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Unleashing the swimmer in me

Unleashing the swimmer in me

I woke up after sunrise and walked out of my room. When I stepped on the balcony, I noticed something was different. A few branches of trees grown outside my block had been chopped off. These branches were obstructing my view before someone slashed them. For the first time in my life, I was guilty of applauding the decision to cut down trees.

I was planning to do push-ups, hit the shower and run to the bus station, but gleams of sunshine on the surface of the lake made me adjust my itinerary a little bit. I added one more activity on my Rusizi to-do-list. As a result, I wasn’t able to catch the 9 a.m. bus as initially planned.

Members of the local swimming club, wearing their luminous orange life jackets, were preoccupied with their favorite activity. From the distance, they looked like little colorful ducks partially submerged in the water. Swimming while donning floating aid gear looked like cheating to me, but they were undoubtedly enjoying their effortless strokes.

It was my last day in Rusizi, and it seemed like I had unfinished business in the area. Traveling back to Kigali without taking a dip in the lake wasn’t a good idea in the first place.

I walked to the lake through the terrace and a long wooden staircase. Then I threw my t-shirt and dived. It was a leap of faith. Jumping into the lake when you can’t see what hides under its surface is an act of conviction.

Lake Kivu is crocodile and hippo-free. Sharks don’t live in fresh water, and the jellyfish is unheard of in this part of the world. Unlike many other water bodies elsewhere, this lake has no room for our predators.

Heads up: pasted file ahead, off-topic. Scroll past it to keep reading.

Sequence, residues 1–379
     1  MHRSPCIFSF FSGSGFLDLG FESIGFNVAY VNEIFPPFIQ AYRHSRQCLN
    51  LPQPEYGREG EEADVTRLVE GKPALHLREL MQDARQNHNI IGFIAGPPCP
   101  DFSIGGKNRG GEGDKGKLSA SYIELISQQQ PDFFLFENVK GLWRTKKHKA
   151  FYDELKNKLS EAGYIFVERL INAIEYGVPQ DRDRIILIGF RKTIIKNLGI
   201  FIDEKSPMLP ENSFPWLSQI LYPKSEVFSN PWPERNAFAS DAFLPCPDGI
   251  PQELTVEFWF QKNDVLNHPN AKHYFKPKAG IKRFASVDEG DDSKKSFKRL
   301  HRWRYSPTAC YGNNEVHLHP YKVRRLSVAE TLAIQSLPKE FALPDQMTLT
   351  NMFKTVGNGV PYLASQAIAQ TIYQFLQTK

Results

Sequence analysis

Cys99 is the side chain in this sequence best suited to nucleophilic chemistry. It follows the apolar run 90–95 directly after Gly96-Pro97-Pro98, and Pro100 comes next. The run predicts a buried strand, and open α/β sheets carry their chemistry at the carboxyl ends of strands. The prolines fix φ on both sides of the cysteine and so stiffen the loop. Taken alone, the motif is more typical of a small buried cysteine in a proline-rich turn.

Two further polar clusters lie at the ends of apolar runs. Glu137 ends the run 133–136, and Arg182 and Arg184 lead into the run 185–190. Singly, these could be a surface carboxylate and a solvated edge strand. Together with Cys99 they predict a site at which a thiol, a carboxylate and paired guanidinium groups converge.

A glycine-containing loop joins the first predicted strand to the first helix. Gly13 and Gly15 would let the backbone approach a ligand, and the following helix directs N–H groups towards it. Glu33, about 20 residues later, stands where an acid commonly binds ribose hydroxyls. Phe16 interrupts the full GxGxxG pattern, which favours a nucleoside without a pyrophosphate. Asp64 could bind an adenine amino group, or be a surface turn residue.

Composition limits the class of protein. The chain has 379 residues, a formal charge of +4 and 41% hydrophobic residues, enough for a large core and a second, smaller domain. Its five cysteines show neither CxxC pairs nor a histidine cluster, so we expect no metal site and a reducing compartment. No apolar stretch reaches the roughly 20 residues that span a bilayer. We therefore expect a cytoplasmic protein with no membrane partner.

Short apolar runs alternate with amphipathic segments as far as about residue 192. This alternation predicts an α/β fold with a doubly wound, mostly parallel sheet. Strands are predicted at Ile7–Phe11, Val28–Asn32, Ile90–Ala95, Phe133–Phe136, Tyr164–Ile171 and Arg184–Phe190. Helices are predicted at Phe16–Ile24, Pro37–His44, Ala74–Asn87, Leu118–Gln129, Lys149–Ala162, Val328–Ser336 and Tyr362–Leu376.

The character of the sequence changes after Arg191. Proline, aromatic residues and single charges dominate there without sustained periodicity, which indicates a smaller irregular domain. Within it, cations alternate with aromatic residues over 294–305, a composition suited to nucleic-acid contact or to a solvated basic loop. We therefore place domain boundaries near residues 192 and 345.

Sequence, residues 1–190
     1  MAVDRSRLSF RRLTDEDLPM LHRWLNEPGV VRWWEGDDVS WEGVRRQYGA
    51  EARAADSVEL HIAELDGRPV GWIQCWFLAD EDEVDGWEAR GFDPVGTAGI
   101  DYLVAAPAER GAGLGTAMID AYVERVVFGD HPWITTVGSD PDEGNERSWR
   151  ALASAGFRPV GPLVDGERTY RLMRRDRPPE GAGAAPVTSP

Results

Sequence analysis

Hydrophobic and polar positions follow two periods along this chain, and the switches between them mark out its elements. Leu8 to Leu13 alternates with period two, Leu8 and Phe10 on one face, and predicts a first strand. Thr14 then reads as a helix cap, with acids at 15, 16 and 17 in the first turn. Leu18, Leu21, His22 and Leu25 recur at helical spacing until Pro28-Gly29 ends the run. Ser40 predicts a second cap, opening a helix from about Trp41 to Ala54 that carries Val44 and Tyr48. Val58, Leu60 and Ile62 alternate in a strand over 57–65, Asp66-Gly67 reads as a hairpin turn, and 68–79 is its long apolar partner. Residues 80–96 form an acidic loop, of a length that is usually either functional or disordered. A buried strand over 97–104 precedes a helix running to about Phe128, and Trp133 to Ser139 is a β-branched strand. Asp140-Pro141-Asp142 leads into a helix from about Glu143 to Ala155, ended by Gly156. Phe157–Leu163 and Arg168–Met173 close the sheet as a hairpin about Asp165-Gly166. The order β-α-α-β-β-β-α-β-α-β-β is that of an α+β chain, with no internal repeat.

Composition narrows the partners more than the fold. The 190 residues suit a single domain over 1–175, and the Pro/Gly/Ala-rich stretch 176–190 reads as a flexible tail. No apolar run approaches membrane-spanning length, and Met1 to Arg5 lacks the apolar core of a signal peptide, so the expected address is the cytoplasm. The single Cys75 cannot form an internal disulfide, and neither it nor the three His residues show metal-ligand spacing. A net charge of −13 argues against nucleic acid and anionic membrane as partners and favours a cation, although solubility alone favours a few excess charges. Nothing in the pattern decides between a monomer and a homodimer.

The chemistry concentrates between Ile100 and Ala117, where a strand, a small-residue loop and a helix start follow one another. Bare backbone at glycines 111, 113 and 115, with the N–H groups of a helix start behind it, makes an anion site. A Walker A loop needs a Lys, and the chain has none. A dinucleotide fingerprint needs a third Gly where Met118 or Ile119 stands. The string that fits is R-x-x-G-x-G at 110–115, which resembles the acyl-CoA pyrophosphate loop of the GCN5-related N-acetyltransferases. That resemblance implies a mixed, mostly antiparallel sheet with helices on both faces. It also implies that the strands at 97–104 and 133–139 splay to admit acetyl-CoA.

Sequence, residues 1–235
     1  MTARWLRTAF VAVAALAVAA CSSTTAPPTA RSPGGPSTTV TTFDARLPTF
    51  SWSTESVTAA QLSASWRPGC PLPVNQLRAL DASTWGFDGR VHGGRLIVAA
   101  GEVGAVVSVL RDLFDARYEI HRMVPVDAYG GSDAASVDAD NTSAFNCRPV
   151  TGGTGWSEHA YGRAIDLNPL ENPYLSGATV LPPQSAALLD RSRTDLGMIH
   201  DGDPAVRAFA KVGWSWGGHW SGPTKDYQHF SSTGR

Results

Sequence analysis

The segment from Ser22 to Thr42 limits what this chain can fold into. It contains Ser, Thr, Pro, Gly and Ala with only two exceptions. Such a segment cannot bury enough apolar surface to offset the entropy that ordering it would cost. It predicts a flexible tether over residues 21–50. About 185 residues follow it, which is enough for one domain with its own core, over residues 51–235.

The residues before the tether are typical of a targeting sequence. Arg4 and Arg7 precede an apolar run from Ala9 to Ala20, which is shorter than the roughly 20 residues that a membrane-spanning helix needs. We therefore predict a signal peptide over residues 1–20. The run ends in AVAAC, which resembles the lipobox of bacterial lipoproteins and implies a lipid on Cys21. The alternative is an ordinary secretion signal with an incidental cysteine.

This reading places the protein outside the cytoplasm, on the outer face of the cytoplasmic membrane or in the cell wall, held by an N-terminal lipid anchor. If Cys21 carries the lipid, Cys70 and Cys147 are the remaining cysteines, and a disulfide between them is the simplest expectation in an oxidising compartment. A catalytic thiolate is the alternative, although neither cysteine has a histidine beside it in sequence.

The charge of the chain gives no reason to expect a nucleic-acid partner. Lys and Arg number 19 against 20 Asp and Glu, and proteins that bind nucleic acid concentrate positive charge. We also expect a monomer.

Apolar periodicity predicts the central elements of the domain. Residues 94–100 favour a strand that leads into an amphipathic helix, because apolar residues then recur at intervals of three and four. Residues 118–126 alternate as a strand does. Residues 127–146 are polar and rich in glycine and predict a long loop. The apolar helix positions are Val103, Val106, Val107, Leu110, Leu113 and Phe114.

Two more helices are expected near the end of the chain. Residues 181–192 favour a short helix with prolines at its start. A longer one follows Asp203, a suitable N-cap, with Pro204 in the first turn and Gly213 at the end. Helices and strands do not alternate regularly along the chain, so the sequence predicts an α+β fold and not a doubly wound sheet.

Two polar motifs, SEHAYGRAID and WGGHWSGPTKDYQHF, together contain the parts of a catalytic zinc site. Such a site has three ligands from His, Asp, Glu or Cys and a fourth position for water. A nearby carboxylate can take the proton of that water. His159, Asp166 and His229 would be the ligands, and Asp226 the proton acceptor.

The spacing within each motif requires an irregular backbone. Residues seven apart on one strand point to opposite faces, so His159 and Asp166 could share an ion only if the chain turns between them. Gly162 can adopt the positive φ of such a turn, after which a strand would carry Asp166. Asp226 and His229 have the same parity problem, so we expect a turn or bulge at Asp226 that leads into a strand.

I free-styled towards the group swimming in orange life jackets. A few minutes later, I came to terms with the fact that I couldn’t catch them. There is no way I was going to outpace those superfast swimmers. I gave up. They were cheating anyway. Real swimmers don’t wear life jackets.

I was approaching Kamarari island which happens to be in DR Congo. I had no clue where the boundary line separating Rwanda and the DRC lies. Sensing the possibility of entering another country illegally, I swam back towards Karambo Peninsula. After all, I didn’t want to risk experiencing a muscle strain far away from the shore. Speaking of muscle strains, maybe next time I should consider wearing a life jacket. There is a reason members of the aforementioned club take precautionary safety measures. For the record, they are better swimmers than you and I combined.

When I walked out of the door in the morning, a few trunks had lost their tallest branches, but I didn’t shed any tears despite my strong devotion to trees. I skipped my usual morning push-up routine, but I did something far more rewarding. I missed the 9 o’clock bus but, as I said earlier, there is always another bus to board. Furthermore, I altered my plans a little bit, but plans can always be amended.

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